Kent Fire & Rescue Service
Make cleaning your oven part of your festive detox

Make oven cleaning part of your post festive detox

7 January 2015

Kent Fire and Rescue Service (KFRS) is urging people to extend their post festive detox plan to include cleaning their ovens. It comes as firefighters tackled a series of cooking related incidents across Kent throughout the Christmas and New Year period.

Grime fires, caused by a build up of fat and grease in kitchen equipment like ovens, grills and on hobs, are blamed for a big proportion of the kitchen fires that KFRS attends each year.

Over a two week period (21 December 2014 – 4 January 2015) KFRS attended over 30 accidental fires in the home, five involved cooking equipment where the first item to ignite was either food or cooking fats.

One incident in Canterbury on New Year’s Day involved a fire that started because of a greasy oven. Firefighters were called to tackle the fire which caused extensive smoke and heat damage to the kitchen, dining room and lounge of the home.

There were a number of other cooking related fires including:

  • Canterbury on New Year’s Day, someone had left cooking unattended to make a phone call. The whole kitchen was left unusable.

  • In Broadstairs on 21 December, oil was left in a pan unattended on the hob.

  • On 4 January, a silicone baking tray caught fire in an oven in Folkestone.

  • On Christmas Day in Margate, food was left cooking in the oven whilst the occupant was visiting relatives.

KFRS Head of Community Safety Lee Rose, said: "You’d be amazed how many homes we go to where minimum standards of hygiene and cleanliness aren't maintained, putting residents at a real risk of having a fire that could severely damage their property. That's why we're raising awareness of this issue, to hopefully motivate people not to put off this particular household chore any longer and to make cleaning out their oven a New Year resolution – it’s a post Christmas detox with a difference."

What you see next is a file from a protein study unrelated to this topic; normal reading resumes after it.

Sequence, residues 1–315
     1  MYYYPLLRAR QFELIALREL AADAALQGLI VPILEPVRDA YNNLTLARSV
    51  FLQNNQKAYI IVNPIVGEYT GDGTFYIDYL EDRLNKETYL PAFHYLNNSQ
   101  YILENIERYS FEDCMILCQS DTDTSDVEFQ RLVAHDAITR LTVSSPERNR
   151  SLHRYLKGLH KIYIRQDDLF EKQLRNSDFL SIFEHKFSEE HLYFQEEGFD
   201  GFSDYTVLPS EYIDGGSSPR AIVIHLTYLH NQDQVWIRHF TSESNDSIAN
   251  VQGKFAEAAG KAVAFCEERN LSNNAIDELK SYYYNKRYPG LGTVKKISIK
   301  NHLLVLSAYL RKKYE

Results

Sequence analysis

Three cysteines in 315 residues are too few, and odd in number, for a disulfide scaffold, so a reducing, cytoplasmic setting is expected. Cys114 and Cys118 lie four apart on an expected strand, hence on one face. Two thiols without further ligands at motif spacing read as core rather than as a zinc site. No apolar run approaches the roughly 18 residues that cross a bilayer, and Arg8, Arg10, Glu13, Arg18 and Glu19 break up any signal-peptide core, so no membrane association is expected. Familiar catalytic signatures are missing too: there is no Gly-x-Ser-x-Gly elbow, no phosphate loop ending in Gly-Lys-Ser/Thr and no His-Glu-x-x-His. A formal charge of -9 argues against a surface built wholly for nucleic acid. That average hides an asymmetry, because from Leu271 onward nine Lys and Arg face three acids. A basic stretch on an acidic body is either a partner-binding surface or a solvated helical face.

Lee added: "The majority of fires in the home start in the kitchen area, which is a high risk part of any property. We always encourage people never to leave cooking unattended and to switch off any heat sources if they need to leave the kitchen for any length of time. Another kitchen nightmare comes when you mix alcohol and cooking.  If you’ve been drinking and cooking, but then fall asleep while you’re waiting and a fire breaks out - you're in serious trouble. Just three of breaths of fire smoke can be enough to knock you completely unconscious. It is important to remember – fires start when your attention stops."

To make sure you stay as safe as possible in the kitchen, Lee has this simple advice:

  • Remember that distraction is a deadly danger.

  • Keep ovens, grills and hobs clean and in good working order. A build up of fat and grease can ignite a fire.

  • Swap old fashioned chip pans, use oven chips or thermostat controlled fryers instead.

  • Don't attempt to cook if you've been out drinking, get food on the way home.

  • Avoid leaving cooking unattended and never leave children in the kitchen alone.

  • Take care if you’re wearing loose clothing – they can easily catch fire.

  • Keep tea towels and cloths away from the cooker and hob.

  • Check toasters are clean and placed away from curtains and kitchen rolls.

  • Take care when cooking with hot oil – it sets alight easily. If the oil starts to smoke – it’s too hot. Turn off the heat and leave it to cool. 

  • Make sure you have a working smoke alarm that is regularly maintained.


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